Life can put golf in perspective at times and and that was certainly the case for Darren Clarke and Phil Mickelson in the 91st US PGA at Hazeltine National.

Clarke and his sons in happier timesBehind the golfers who missed fairways and greens, three putted and generally suffered the slings and arrows of outrageous fortune are two family men trying to do the best they can.

Clarke “celebrated” his 41st birthday yesterday in the saddest way you could imagine, adding a four over par 76 to his opening 78 to miss the cut by some distance on 10 over.

With both his wife and mother recovering from breast cancer surgery, Mickelson had to dig deep to card a second successive 74, which was just about good enough to make the halfway cut on the four over par limit.

While Clarke was asked whether he had received any birthday presents, his 41st was not the salient date on his calendar this week but the third anniversary of his wife Heather’s passing.

Could he take positives from the fact that he missed the cut in the US PGA at Oakland Hills last year and went on to win the KLM Open in Holland two weeks later?

“We’ll see,” he said. “This was a tough week for me in a few different ways. I just played poorly and I have got no complaints.

“My kids called me this morning but there were no presents. I am too old for presents. But I will be alright. I have just had a bad two days.

“I am hitting it fine but I haven’t put the scores on the board. At the end of the day you can’t contend or win tournaments unless you are shooting the scores. It doesn’t matter how well you are hitting it.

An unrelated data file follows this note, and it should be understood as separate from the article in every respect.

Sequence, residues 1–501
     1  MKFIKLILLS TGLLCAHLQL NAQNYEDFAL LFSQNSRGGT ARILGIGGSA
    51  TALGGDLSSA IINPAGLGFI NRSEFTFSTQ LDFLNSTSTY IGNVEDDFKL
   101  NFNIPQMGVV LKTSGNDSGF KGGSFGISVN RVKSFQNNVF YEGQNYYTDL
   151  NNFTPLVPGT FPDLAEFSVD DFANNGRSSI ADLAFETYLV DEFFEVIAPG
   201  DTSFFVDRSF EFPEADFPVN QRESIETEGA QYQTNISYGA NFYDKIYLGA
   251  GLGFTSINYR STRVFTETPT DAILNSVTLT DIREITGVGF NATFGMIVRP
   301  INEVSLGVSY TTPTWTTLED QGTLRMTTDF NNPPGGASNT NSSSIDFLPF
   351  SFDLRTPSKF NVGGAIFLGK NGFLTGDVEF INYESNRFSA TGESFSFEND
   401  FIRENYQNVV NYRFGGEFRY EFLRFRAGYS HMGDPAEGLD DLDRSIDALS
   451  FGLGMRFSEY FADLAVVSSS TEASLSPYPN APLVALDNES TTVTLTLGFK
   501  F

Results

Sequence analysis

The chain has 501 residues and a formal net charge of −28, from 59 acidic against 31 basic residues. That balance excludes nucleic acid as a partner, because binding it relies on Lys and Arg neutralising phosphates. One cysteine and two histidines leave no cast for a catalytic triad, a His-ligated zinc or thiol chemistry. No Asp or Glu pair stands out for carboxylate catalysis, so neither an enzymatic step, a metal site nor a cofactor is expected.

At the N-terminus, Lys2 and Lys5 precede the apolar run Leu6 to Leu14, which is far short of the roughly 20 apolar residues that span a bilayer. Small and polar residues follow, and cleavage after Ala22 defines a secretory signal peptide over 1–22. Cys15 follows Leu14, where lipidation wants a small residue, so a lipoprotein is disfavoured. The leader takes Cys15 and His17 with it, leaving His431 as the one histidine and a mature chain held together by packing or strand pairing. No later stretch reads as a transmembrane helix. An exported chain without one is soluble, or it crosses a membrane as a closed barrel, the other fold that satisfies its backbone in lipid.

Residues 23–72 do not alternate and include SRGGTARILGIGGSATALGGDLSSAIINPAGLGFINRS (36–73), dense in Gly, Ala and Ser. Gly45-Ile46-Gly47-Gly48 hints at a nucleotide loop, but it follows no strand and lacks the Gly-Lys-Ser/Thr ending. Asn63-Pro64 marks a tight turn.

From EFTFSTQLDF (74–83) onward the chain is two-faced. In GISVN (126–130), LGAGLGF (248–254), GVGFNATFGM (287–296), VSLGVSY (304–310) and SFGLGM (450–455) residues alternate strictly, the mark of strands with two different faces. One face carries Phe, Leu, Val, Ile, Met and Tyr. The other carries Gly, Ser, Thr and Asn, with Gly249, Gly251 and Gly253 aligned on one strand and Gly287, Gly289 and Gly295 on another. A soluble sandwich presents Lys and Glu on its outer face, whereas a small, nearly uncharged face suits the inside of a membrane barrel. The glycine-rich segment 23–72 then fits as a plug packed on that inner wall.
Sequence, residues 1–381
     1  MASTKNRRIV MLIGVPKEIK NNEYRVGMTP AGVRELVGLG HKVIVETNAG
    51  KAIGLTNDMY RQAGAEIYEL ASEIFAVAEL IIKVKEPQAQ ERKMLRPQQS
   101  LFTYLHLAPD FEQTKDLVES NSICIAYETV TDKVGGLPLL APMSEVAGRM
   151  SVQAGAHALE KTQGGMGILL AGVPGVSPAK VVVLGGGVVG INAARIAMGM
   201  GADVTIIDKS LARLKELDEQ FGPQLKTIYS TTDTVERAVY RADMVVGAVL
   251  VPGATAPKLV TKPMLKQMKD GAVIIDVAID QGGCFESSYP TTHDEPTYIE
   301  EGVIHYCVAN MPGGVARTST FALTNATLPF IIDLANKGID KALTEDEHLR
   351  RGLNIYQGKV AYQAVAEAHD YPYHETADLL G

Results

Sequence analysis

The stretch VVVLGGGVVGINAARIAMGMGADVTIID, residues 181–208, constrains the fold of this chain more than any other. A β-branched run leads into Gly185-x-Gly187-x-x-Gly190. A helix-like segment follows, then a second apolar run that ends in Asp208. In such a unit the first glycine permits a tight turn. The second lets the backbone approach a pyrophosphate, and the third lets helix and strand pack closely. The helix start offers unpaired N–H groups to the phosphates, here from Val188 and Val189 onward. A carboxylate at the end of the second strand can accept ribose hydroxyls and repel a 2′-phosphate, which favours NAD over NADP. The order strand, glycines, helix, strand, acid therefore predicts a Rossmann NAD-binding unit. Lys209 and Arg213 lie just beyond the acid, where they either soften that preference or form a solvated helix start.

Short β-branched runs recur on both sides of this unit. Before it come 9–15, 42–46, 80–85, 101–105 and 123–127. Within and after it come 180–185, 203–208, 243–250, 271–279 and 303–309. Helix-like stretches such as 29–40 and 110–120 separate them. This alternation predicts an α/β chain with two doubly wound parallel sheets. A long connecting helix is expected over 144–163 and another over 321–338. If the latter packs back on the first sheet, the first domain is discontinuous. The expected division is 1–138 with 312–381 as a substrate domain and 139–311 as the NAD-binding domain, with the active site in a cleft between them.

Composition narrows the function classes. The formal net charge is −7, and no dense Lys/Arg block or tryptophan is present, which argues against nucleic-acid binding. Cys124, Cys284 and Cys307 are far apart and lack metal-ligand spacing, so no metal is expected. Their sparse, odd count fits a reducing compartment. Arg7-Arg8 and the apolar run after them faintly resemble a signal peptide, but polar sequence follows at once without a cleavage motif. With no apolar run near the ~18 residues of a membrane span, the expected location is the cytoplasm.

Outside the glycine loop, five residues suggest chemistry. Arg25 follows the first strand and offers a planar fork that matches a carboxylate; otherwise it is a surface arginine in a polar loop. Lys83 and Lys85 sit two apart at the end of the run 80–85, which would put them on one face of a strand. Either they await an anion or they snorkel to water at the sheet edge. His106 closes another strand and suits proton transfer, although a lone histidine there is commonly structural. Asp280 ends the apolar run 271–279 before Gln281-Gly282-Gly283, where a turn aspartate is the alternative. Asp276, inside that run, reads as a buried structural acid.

“No, it wasn’t the birthday present I was looking for at all. It is just the same old story for me at the moment, I am playing all my good golf on Tuesday and Wednesday and then played as poorly as possible the last two days.”

Starting on the 10th hole, Clarke began with a bogey five, double bogeyed the 501-yard par four 12th and then bogeyed the 203-yard 13th to slip to 10 over par.

He birdied the 14th and 16th but bogeyed the 17th and 18th to turn in 40 and came home in level par with a birdie at the easy, par-five seventh erased by a bogey at the ninth.

Considering he finished 22nd in the Bridgestone Invitational last week, it was particularly frustrating for the Ulsterman that his game deserted him in his 50th major championship appearance.

“I am just not getting any momentum,” he said. “Yesterday I had my chances and I just kept on missing and missing and missing. Basically I have made too many mistakes. I think I have made seven bogeys in two rounds when going into the green from the fairway with a short iron in my hands. You just can’t do that. It is just not good enough.

“I just can’t hit the ball the same as I am doing on the range and then take it out on the course.

“I am incredible frustrated with it and disappointed with it too. I just can’t get the ball in the hole and it is a vicious circle.”

It was no consolation to Clarke that one of his playing partners, the club professional Ryan Benzel, five-putted the 17th as he added an 83 to his opening 81.

Allowing himself a grin, Clarke said: “It was the original: ‘I’ll finish, I’ll finish, I’ll finish, I’ll mark. That’s what it was.”

Like Clarke, Mickelson has been having a torrid time off the course with his wife Amy and mother Mary recovering from breast cancer surgery.

And like the Dungannon man, the left-hander has been struggling to find the fairways and hole putts over the past two weeks.

The world No 2 changed his putting style after the US Open and it hasn’t worked on the evidence of his performance in Chaska, where he shot a pair of uninspired 74s to scrape in for the weekend on four over.

Six over with three holes to play, Mickelson gave a glimpse of his brilliance when he eagled the seventh to get back to four over.

The American spent more than an hour on the putting green on Thursday night but his ailing stroke is killing the rest of his game.

“I'm not going to beat many people putting the way I am,” he said. “I think the struggling on the greens is carrying over a little bit into maybe my focus on some other shots. But I don't feel I'm hitting it bad. But I am hitting some bad shots. I don't feel like I'm striking it horrendously. It's just I'm having trouble scoring right now.”